Many investors pay a coach to tell them how approach investments and how to go about the fundamental analysis necessary to make good investments. The point is that you do not have to learn from your own mistakes. You can learn from the mistakes and the successes of others. You might call this follow the leader investing. One person who is commonly held up as a good example is Warren Buffett, the so called Oracle of Omaha. Mr. Buffett runs Berkshire Hathaway (BRKA) and is its largest investor. This company engages in value investing. Mr. Buffett looks at the intrinsic value of stocks and looks for stocks with a margin of safety. He tends to stick with well-established companies that he believes are undervalued. He then takes large positions in these companies. We can look over the shoulder of this man and use his investment positions in our game of follow the leader investing. This is possible because investment managers like Mr. Buffett must file a 13-F form with the Securities and Exchange Commission every quarter. From the Berkshire Hathaway filing we can see the top ten investments in the company portfolio, the value of each separate holding and the ROI on that stock since the beginning of the year.
|Berkshire Hathaway Investments (as of August 2013 13 F Filing)
|Value of Current Holding
|ROI to Year to Date
|Wells Fargo (WFC)
|The Coca-Cola Company (KO)
|International Business Machines (IBM)
|American Express (AXP)
|Procter & Gamble (PG)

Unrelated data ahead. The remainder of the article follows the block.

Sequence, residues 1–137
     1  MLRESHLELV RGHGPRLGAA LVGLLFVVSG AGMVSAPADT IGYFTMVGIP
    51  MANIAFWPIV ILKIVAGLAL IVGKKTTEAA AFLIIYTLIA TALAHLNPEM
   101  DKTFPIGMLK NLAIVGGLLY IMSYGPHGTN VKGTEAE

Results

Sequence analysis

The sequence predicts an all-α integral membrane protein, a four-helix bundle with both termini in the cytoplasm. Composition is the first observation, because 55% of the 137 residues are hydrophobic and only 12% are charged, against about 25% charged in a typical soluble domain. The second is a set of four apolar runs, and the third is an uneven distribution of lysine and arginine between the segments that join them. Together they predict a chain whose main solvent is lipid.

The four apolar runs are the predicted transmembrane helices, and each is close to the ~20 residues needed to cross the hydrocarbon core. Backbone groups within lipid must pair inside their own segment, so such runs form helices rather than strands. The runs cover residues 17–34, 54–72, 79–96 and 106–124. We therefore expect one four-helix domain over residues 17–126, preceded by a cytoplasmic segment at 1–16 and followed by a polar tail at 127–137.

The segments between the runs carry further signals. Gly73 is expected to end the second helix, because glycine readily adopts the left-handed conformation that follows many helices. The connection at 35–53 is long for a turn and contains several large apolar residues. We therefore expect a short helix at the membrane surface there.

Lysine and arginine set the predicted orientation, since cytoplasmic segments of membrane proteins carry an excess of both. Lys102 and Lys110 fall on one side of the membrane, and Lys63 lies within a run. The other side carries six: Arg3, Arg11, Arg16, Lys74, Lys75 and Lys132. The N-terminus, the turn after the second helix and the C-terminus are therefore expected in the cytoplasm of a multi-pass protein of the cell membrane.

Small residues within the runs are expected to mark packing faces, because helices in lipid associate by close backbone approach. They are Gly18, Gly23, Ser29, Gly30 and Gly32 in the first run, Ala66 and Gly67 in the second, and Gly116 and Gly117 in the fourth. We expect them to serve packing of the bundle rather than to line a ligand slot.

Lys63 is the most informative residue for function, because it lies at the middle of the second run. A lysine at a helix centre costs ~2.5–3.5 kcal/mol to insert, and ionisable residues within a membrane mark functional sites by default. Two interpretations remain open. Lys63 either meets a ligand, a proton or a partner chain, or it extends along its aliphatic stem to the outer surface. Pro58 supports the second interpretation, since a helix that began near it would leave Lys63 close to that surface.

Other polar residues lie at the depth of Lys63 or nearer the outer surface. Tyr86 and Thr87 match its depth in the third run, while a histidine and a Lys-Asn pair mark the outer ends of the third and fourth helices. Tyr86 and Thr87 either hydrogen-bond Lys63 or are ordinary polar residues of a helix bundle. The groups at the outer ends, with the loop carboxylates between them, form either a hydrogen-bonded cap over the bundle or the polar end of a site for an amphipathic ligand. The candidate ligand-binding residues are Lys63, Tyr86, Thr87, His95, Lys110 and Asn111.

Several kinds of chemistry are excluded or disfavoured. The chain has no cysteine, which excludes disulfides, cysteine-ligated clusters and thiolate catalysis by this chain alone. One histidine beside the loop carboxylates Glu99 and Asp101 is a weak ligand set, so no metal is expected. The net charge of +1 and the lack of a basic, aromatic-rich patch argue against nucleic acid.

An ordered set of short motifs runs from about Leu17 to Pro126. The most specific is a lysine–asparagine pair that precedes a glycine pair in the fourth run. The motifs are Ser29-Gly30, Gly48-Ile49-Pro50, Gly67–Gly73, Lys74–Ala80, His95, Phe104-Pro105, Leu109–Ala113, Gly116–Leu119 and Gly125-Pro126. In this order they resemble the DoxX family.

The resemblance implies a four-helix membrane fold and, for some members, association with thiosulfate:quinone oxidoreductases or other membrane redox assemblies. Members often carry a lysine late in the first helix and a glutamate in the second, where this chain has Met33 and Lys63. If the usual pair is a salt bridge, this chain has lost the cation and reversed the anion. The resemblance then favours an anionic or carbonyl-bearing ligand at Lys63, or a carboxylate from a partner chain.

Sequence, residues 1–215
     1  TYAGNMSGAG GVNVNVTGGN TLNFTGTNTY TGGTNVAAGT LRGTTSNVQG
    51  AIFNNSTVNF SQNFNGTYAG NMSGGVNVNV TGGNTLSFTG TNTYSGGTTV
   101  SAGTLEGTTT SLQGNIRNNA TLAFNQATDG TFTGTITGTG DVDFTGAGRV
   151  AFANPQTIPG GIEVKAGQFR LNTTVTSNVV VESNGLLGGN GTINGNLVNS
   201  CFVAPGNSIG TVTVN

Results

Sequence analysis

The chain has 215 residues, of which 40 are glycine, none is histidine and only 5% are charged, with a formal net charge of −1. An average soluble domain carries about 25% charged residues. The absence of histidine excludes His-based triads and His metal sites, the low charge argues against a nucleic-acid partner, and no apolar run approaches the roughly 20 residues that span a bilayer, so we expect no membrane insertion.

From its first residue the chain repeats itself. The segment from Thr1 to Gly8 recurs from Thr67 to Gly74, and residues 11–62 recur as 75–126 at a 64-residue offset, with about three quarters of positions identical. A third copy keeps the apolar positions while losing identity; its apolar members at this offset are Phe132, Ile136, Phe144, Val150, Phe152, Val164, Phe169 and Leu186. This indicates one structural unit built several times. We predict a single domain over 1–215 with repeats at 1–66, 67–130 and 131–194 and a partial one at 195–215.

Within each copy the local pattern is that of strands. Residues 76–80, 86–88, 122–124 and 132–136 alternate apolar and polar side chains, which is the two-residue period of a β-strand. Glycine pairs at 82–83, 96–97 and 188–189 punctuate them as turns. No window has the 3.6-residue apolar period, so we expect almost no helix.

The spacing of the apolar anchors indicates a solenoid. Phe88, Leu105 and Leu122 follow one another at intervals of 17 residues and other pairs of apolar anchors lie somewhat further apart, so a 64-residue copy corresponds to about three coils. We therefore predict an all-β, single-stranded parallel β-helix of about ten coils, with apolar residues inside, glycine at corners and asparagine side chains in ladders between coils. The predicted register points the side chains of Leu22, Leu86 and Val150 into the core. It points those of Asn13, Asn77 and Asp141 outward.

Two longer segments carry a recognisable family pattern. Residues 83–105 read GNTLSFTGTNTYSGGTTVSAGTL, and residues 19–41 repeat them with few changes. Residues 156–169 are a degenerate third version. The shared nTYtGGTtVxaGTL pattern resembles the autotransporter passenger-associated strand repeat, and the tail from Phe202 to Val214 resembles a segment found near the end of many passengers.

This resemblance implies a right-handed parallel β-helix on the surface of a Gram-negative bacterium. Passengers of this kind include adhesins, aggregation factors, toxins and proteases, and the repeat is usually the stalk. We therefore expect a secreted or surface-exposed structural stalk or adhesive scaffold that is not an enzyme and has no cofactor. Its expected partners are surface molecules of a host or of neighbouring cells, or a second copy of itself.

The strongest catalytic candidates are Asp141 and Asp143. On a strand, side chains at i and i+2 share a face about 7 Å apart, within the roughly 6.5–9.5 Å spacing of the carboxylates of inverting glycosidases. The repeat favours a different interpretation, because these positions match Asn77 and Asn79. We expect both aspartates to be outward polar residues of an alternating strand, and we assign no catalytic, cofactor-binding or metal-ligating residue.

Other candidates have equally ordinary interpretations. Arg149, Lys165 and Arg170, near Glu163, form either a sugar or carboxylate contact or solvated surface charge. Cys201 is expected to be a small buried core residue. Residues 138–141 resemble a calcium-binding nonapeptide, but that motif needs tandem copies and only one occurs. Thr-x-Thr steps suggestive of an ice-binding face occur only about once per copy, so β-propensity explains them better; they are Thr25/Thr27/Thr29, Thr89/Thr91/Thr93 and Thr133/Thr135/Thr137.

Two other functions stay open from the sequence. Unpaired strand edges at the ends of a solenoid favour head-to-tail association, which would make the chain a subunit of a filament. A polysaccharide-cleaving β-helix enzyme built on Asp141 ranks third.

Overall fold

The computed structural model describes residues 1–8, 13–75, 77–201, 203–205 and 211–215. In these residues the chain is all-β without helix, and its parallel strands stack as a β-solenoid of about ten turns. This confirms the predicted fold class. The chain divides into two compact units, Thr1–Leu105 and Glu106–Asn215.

|U.S. Bancorp (USB)
|DaVita HealthCare Partners (DVA)
|Moody’s Corporation (MCO)
If you calculate the ROI on the top ten holdings of Berkshire Hathaway for the year to date it comes to 15.20%. For sound investment advice listening to the Oracle of Omaha is not a bad choice to use for follow the leader investing.
Follow The Leader Investing With Mr. Buffett
Here are three quotes and a bonus.
Price versus Value
Mr. Buffett once quoted his old mentor, Ben Graham a saying that price is what you pay and value is what you get. Buffett went on to say that. Whether we’re talking about socks or stocks I like buying quality merchandise when it is marked down.
Regarding the twin demons of fear and greed:
Investors should remember that excitement and expenses are their enemies. And if they insist on trying to time their participation in equities, they should try to be fearful when others are greedy and greedy only when others are fearful.
Investment versus Speculation
The line separating investment and speculation, which is never bright and clear, becomes blurred still further when most market participants have recently enjoyed triumphs. Nothing sedates rationality like large doses of effortless money. After a heady experience of that kind, normally sensible people drift into behavior akin to that of Cinderella at the ball. They know that overstaying the festivities that is, continuing to speculate in companies that have gigantic valuations relative to the cash they are likely to generate in the future will eventually bring on pumpkins and mice. But they nevertheless hate to miss a single minute of what is one helluva party. Therefore, the giddy participants all plan to leave just seconds before midnight. There’s a problem, though: They are dancing in a room in which the clocks have no hands.
Bonus Follow The Leader Investing Quote
It’s far better to buy a wonderful company at a fair price than a fair company at a wonderful price.
In successful follow the leader investing, learn from the pros, find practical investments and then always do your own homework!